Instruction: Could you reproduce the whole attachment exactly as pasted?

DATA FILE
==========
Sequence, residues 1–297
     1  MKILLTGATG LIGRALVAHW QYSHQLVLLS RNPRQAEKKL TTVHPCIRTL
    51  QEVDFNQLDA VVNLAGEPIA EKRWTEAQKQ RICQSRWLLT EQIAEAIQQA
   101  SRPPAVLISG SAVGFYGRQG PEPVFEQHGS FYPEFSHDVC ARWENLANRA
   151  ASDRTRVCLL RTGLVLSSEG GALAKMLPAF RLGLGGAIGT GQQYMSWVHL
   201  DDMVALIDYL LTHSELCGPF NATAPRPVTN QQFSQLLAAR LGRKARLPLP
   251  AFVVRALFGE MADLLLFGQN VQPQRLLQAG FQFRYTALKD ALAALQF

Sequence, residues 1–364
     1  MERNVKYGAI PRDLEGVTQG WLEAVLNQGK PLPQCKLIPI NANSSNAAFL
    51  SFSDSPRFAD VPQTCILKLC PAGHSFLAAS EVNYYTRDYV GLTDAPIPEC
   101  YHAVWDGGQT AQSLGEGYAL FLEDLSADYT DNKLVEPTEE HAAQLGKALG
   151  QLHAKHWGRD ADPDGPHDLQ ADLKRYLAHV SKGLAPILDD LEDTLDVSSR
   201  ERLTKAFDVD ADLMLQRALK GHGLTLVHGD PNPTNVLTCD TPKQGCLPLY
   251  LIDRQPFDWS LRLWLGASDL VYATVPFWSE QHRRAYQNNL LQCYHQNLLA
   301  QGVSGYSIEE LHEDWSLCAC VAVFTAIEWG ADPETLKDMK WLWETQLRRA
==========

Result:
Sequence, residues 1–297
     1  MKILLTGATG LIGRALVAHW QYSHQLVLLS RNPRQAEKKL TTVHPCIRTL
    51  QEVDFNQLDA VVNLAGEPIA EKRWTEAQKQ RICQSRWLLT EQIAEAIQQA
   101  SRPPAVLISG SAVGFYGRQG PEPVFEQHGS FYPEFSHDVC ARWENLANRA
   151  ASDRTRVCLL RTGLVLSSEG GALAKMLPAF RLGLGGAIGT GQQYMSWVHL
   201  DDMVALIDYL LTHSELCGPF NATAPRPVTN QQFSQLLAAR LGRKARLPLP
   251  AFVVRALFGE MADLLLFGQN VQPQRLLQAG FQFRYTALKD ALAALQF

Sequence, residues 1–364
     1  MERNVKYGAI PRDLEGVTQG WLEAVLNQGK PLPQCKLIPI NANSSNAAFL
    51  SFSDSPRFAD VPQTCILKLC PAGHSFLAAS EVNYYTRDYV GLTDAPIPEC
   101  YHAVWDGGQT AQSLGEGYAL FLEDLSADYT DNKLVEPTEE HAAQLGKALG
   151  QLHAKHWGRD ADPDGPHDLQ ADLKRYLAHV SKGLAPILDD LEDTLDVSSR
   201  ERLTKAFDVD ADLMLQRALK GHGLTLVHGD PNPTNVLTCD TPKQGCLPLY
   251  LIDRQPFDWS LRLWLGASDL VYATVPFWSE QHRRAYQNNL LQCYHQNLLA
   301  QGVSGYSIEE LHEDWSLCAC VAVFTAIEWG ADPETLKDMK WLWETQLRRA